Columbia Parks and Recreation also is building a new fieldhouse, scheduled to be up and running by summer 2019, which Franklin says will be able to hold at least 18 pickleball courts. The local pickleball club has been working with both the regional director of the USAPA and the CVB, looking to host a regional event in the future.

The city also has a number of tennis facilities, some with permanent, blended pickleball lines on the tennis courts. For instance, the three tennis courts at Rock Quarry Park and the two at Shepard Boulevard Park all include lines for pickleball.

Tennis facilities in Columbia (which could be lined temporarily for pickleball) include Cosmo-Bethel Park with 12 tennis courts (eight with lights), and another four lighted courts are in Fairview Park. There are also six lighted tennis courts at Hickman High School.

Myrtle Beach, South Carolina, courtesy Visit Myrtle Beach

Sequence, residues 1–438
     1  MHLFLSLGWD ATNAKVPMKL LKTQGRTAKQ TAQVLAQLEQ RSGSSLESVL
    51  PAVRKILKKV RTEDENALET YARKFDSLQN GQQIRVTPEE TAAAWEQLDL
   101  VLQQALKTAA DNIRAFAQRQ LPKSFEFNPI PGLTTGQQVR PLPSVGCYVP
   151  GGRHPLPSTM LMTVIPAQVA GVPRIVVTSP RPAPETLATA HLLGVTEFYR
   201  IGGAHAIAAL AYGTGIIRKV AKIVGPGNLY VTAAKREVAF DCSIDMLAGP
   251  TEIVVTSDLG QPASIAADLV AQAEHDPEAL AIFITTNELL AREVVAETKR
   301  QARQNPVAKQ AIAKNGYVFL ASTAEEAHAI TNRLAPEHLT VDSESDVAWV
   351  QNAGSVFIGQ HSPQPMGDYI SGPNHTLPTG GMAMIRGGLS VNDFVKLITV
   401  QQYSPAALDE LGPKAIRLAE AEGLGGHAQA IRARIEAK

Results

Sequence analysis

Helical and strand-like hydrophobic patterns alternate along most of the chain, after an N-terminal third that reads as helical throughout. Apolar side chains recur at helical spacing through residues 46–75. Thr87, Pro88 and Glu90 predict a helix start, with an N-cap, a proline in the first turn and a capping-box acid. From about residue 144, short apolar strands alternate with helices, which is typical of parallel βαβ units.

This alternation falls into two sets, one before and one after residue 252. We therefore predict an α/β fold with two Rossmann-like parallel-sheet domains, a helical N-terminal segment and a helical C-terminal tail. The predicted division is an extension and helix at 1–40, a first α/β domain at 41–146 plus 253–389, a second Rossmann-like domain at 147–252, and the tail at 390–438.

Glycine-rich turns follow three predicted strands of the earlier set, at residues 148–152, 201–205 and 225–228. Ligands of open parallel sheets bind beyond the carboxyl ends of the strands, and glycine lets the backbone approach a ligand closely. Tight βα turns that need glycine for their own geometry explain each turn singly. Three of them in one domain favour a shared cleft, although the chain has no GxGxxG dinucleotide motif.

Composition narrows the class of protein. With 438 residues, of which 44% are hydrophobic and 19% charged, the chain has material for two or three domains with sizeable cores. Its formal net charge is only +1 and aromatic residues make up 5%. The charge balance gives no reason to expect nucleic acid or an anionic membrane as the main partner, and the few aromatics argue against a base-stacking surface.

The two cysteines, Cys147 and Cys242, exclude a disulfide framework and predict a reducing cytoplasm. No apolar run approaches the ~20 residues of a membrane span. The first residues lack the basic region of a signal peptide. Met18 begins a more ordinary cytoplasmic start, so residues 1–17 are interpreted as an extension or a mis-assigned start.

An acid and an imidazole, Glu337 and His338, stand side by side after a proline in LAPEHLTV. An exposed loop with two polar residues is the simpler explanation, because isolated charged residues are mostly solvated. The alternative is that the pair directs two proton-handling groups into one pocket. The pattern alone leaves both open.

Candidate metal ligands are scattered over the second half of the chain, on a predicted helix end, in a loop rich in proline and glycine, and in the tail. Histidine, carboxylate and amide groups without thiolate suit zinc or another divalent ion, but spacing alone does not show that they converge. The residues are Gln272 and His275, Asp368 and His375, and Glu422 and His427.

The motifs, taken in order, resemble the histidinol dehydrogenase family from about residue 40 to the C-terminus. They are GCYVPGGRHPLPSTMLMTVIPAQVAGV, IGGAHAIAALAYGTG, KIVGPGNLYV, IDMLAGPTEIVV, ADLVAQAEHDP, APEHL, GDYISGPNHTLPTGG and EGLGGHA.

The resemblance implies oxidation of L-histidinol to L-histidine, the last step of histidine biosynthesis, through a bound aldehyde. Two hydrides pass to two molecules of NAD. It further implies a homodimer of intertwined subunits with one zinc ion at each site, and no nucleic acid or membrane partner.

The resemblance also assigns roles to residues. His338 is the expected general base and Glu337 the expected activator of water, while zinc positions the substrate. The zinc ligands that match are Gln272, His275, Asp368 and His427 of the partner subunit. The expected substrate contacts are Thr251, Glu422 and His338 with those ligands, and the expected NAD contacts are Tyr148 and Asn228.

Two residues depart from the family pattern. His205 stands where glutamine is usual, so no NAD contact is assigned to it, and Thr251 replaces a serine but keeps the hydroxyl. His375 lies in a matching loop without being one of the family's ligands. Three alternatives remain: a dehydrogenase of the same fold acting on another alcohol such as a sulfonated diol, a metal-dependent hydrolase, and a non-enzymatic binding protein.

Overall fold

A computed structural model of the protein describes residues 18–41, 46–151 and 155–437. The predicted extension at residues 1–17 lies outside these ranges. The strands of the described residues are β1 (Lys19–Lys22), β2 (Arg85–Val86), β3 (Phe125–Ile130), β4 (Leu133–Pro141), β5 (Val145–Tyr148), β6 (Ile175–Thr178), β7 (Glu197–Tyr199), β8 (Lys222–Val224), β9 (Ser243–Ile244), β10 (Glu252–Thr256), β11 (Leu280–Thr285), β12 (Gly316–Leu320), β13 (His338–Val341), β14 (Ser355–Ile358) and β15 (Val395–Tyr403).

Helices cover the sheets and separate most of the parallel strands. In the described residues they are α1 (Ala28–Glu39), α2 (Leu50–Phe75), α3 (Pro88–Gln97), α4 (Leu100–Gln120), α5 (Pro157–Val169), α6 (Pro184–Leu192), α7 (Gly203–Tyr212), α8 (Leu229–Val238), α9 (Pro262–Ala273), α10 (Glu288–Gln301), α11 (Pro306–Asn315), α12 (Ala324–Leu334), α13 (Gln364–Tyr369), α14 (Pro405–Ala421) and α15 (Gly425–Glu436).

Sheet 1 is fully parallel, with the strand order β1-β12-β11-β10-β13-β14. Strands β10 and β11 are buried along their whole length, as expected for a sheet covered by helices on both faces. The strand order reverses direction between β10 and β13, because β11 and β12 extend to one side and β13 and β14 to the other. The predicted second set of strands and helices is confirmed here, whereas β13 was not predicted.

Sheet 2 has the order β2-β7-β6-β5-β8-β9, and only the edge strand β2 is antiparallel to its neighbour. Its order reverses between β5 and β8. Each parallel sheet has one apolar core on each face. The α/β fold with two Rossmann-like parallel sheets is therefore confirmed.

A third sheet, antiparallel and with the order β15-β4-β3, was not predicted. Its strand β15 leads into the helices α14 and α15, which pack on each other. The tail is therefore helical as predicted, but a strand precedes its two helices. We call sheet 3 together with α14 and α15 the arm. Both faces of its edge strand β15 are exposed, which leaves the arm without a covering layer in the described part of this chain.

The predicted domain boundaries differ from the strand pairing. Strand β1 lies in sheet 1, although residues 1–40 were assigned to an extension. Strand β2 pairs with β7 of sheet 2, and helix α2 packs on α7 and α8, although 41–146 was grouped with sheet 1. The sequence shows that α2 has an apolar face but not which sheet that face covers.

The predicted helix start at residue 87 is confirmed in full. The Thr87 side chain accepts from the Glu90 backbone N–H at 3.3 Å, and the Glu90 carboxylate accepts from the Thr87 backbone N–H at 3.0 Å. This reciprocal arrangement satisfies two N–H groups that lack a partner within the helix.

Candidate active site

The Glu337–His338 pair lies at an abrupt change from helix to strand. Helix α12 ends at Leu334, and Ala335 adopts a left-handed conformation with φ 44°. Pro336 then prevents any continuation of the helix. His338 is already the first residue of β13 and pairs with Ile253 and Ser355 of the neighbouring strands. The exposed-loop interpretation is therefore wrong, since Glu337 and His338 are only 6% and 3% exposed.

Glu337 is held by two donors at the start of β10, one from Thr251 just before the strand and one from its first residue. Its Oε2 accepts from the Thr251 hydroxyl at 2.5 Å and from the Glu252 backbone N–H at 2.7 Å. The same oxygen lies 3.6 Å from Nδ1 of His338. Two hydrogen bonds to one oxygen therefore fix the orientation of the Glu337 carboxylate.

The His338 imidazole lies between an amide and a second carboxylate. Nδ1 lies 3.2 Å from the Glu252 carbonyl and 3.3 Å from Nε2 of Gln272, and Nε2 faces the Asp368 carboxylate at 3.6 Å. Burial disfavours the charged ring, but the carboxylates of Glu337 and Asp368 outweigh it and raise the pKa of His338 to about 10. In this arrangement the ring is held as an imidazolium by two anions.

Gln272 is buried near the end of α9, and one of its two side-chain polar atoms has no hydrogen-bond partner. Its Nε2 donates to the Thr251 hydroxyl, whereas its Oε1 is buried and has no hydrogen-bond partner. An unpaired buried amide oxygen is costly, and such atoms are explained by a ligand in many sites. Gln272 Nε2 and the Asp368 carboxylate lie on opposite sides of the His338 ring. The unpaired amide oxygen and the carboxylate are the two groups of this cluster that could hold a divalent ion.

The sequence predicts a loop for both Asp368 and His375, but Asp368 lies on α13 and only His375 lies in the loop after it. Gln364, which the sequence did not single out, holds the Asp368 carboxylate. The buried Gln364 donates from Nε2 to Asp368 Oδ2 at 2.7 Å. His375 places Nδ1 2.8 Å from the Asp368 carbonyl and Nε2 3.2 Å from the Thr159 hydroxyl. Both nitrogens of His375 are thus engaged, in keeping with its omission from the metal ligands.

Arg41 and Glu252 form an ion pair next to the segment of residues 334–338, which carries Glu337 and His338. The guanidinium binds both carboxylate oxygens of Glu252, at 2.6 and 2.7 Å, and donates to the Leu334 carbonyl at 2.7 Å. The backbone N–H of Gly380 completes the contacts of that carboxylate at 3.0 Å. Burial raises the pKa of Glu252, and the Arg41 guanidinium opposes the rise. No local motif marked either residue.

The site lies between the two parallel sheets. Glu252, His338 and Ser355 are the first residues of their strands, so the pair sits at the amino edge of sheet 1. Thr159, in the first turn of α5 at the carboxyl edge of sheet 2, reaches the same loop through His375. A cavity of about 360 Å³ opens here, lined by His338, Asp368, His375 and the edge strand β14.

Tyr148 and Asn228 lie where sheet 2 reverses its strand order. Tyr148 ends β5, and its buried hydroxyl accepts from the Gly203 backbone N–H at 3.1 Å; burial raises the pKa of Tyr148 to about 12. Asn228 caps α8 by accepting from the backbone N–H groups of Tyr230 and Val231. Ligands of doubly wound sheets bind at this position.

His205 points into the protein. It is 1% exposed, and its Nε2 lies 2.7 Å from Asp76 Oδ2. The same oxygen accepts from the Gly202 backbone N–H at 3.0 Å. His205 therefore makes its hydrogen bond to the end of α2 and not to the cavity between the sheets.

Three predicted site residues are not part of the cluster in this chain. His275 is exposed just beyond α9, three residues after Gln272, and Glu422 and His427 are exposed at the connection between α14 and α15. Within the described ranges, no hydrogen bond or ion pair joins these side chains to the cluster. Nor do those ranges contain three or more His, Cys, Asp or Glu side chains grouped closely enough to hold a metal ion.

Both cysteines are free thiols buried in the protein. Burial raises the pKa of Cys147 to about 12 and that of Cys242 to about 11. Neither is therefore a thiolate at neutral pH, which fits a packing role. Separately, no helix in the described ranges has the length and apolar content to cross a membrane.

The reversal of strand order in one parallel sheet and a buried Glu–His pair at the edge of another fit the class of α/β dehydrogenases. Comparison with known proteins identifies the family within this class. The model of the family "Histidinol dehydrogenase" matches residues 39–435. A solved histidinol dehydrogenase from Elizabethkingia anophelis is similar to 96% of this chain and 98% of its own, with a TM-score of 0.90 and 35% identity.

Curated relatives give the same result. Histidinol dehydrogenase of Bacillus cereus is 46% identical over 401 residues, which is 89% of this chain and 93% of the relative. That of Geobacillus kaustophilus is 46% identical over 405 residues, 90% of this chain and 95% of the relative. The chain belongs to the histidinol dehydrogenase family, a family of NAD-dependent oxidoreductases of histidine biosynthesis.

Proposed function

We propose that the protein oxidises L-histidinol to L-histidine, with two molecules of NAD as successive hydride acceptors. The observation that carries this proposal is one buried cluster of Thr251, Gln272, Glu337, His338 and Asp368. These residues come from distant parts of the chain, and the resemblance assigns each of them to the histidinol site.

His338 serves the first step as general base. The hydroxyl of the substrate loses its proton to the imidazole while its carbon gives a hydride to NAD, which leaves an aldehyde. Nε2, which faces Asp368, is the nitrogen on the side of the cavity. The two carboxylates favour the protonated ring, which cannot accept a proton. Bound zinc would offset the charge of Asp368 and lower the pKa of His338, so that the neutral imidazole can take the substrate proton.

Myrtle Beach, South Carolina
Like many areas around the country Myrtle Beach has seen fast growth in pickleball activity. “Our indoor facility, the Myrtle Beach Sports Center, has been doing a lot of pickleball recently,” says Jonathan Paris, the executive director of sports tourism for Visit Myrtle Beach. The facility works closely with the local Myrtle Beach Pickleball Club.

In late October, the Sports Center hosted the inaugural, USAPA-sanctioned Mid-Atlantic Regional Pickleball Tournament, which brought more than 400 players to Myrtle Beach, and was the largest pickleball tourney in the Southeast.

The Sports Center has turned into a premier place to play pickleball for visitors and residents,” says Jessica Vanco, the center’s general manager. “The Myrtle Beach Pickleball Club just took it upon themselves to get in touch with me about playing at the center, and it’s just taken off. It’s been a pleasure to be a host of the club.”